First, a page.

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Clutter-Free Writing Space: Writescape Guest Post

What’s your writing space like?

Small House Big City

I’m posting my recent guest blog post on the wonderful site Writescape.ca. Their fabulous blog ‘Top Drawer’ is a treasure trove of writing hacks and inspiration.

https://writescape.ca/site/2018/12/the-minimalist-writer/

The Minimalist Writer

Open concept is a must in all modern IKEA-catalogue-worthy homes. The glossy photos selling Swedish furniture promise you zen and relaxation. The reality is, unless you are living in a staged home, the open-concept layout likely means you’re being more overwhelmed by constantly looking at your overstuffed abode.

And for some writers, that can be deadly.

When you don’t have an uncluttered space to disappear to, your ability to hunker down and write can be seriously hampered.

Yes, you can write amid household chaos, but on some level you will always be fighting the distraction. It’s something I’ve had to struggle with until I found a solution.

Writer in a small house

Without a basement rec room, our main floor…

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Formatting Manuscripts – What you need to know!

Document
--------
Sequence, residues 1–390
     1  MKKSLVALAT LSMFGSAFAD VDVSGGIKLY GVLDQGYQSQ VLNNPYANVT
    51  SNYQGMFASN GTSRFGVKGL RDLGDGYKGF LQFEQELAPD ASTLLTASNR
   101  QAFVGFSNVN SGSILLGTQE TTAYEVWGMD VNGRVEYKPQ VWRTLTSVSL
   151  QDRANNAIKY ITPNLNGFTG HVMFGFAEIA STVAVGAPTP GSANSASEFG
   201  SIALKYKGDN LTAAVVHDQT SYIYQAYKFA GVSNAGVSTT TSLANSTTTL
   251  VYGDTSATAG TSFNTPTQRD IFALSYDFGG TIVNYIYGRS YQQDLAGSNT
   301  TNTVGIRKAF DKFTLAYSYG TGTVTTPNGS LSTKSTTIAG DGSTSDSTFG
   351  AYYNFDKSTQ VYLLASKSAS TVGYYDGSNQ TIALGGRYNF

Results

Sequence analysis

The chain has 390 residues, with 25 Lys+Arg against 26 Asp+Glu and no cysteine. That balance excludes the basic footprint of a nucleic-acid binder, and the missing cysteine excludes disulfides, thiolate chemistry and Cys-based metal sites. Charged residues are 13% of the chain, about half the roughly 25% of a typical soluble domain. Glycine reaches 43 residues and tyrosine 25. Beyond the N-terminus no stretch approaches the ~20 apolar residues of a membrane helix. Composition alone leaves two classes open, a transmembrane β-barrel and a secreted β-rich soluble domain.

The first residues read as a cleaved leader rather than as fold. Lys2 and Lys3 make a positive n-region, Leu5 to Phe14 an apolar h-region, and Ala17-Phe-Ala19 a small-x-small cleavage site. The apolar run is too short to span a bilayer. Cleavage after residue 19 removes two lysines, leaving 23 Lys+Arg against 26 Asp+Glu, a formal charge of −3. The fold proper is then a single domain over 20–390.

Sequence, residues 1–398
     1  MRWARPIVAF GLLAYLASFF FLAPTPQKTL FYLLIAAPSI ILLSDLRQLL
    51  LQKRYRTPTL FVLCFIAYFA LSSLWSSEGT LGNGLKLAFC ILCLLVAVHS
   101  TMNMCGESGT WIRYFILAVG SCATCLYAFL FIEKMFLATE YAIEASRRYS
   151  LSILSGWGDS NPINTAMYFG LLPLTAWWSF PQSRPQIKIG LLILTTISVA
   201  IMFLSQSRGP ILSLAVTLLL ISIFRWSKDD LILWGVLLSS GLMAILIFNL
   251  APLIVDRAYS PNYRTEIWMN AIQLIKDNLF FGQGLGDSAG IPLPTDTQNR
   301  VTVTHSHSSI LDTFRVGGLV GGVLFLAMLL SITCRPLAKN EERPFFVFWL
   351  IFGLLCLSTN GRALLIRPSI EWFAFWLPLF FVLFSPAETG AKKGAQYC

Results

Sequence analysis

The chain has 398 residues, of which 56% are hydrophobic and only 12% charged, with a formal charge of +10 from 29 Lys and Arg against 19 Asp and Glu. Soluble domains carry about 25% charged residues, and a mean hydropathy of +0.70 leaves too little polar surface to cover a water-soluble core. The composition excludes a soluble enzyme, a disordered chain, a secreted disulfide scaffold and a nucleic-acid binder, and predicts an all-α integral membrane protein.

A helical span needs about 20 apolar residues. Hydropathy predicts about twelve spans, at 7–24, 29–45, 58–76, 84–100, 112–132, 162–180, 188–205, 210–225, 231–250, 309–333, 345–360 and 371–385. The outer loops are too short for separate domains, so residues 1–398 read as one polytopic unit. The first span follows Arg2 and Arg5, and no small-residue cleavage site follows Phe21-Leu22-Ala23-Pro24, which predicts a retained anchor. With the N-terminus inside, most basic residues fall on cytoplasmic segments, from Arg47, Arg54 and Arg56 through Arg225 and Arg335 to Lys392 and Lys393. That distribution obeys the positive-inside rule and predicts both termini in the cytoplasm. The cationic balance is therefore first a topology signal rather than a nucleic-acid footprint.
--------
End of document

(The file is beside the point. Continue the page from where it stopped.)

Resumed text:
Some good information here, but note – this publisher is in Australia (I think) so the quote and line spacing thing is different than in the US.

In general, you don’t have to do any formatting to your manuscript if you plan on having someone else format it for you. They can do all that. You just concentrate on creating a great story! 🙂

Spring with Emily Dickinson – Brain Pickings

We always need inspiration. Spring definitely gets me going! How about you?

ckbooksblog

Feeling inspired by spring. Here are some thoughts from Miss Emily on the subject. Thanks to Maria Popova

“Today is very beautiful — just as bright, just as blue, just as green and as white, and as crimson, as the cherry trees full in bloom, and the half opening peach blossoms, and the grass just…

Source: Spring with Emily Dickinson – Brain Pickings

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2019 UW Writers’ Institute conference recap

Me on a publishing panel at the UW Madison Writer’s Institute this weekend. Also spoke on editing and heard some great speakers.
I don’t look very happy, but I was!! I was having a good time! I have to remember people take pictures – Ug!

HOLLY RECOMMENDS

The annual UW Writers’ Institute conference took place this past weekend.

The conference opened with moving, beautiful readings from participants of the UW Odyssey Project.

There were great keynote speakers like Jane Friedman and Jennie Nash, and one of the most talented, supportive networks of authors I’ve ever met. We learned about everything from creating a podcast to improving our websites and much, much more. This was my fourth time attending this conference and I’ve published over twenty books, but I still walk away with tons of new ideas and inspiration. Not to mention, this industry changes so quickly that it’s impossible to ever know it all.